Eugene Powell

Photo Taken in 2015 (see the bottom of this page for more info)
The Mt. Zion Memorial Fund planted a memorial headstone for Eugene Powell, who recorded under the name of “Sonny Boy Nelson,” on November 4th, 1998 at the Evergreen Cemetery in Metcalfe, Mississippi. Having recorded on over thirty songs in one marathon session with Bo Carter in 1936, Powell filled in performed actively with the various members of the Mississippi Sheiks, Powell's beautifully-engraved and flat headstone was financed with a grant made by John Fogerty, former frontman of the band Creedence Clearwater Revival.


Powell was born in the Hinds County town of Utica on December 23 1908. He was the product of a brief interracial liaison between a white farmer and his mother, Rosie Taylor, a domestic worker and jook joint operator who herself played in a seven-piece band. At the age of seven, his mother remarried and moved to the E.F. Lombardy plantation outside of Shelby in Bolivar County. She bought a guitar for him through the Sears Roebuck catalog for three dollars. Powell later alleged to have learned to play in only a few days and soon began playing at local parties. In the early 1920s, Powell and his mother moved to Hollandale, where he became a fixture of the music scene. He regularly performed with Lonnie Chatmon, Sam Chatmon, and Walter Vinson, the nucleus of a popular group known as the Mississippi Sheiks. Powell also spent some time performing with, by many accounts, the best guitar player in the Delta, Richard “Hacksaw” Harney.
Though he came to be revered by many musicians for his thumb and fingerpicking, Powell gained a reputation for customizing his instruments, either adding an extra string or attaching pie plates to his guitars to attain a somewhat resonator sound. His guitar was a Silvertone, in which he inserted an aluminum resonator similar to those found on National guitars. Inspired by the twelve-string models, he added a seventh string and tuned it an octave higher than conventional tuning. He played lead most of the time when accompanied by another musician, but he could also discourse the most beautiful music on the banjo, horn, mandolin, violin, and harmonica.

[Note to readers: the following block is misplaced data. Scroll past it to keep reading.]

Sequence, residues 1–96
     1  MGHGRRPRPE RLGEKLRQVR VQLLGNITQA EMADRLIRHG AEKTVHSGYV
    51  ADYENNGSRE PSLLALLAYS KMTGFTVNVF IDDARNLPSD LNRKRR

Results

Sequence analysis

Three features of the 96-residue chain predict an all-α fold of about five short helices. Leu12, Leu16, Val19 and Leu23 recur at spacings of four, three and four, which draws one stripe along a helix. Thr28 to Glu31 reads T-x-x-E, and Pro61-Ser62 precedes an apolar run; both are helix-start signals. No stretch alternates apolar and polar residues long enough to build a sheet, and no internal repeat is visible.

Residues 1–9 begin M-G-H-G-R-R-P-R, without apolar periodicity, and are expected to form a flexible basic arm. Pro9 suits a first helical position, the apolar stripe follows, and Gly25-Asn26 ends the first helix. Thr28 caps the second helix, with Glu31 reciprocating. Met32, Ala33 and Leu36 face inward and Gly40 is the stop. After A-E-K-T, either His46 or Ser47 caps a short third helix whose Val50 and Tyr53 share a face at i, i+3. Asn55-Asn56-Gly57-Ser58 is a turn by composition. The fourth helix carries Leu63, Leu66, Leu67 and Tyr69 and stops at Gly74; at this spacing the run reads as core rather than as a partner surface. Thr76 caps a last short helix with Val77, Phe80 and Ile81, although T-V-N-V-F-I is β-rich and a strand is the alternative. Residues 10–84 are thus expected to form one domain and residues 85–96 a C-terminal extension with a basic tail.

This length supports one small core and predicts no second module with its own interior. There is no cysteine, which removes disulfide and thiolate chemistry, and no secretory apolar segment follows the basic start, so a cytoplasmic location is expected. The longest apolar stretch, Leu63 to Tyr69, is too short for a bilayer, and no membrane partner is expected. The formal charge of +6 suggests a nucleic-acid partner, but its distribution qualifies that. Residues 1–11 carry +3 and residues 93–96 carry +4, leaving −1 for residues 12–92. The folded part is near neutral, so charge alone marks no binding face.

In 1936, Powell traveled to New Orleans and recorded six sides for Bluebird Records, including such classics as “Street Walkin’ Woman” and “Pony Blues.” He also provided guitar accompaniment on four songs of his vocalist wife, Mississippi Matilda, and ten songs for harmonica player Robert Hill. Powell would not record again for almost thirty-five years. In 1970, Gene Rosenthal and Mike Stewart recorded some songs in Greenville for Adelphi Records. In 1972, he performed alongside many of his former playing partners at the Festival of American Folklife in Washington D.C. Alan Lomax included Powell in his 1978 documentary The Land Where Blues Began. While he went on to perform at numerous other blues festivals before his death in November 1998, Italian Albatross Records released Powell’s only full-length album, The Police in Mississippi Blues, in 1975. 


Installing the headstone of Eugene Powell

Photographs by Euphus Ruth and Axel K├╝stner

   


   


In 2015, the Mt. Zion Memorial Fund organized a benefit featuring Tyler Keith, Davis Coen, Cadillac Funk, and Eric Deaton at the Blind Pig in Oxford, MS.  The money raised at the event paid for the raising and leveling of his flat headstone in the northwest section of Evergreen Cemetery outside the town of Metcalfe.





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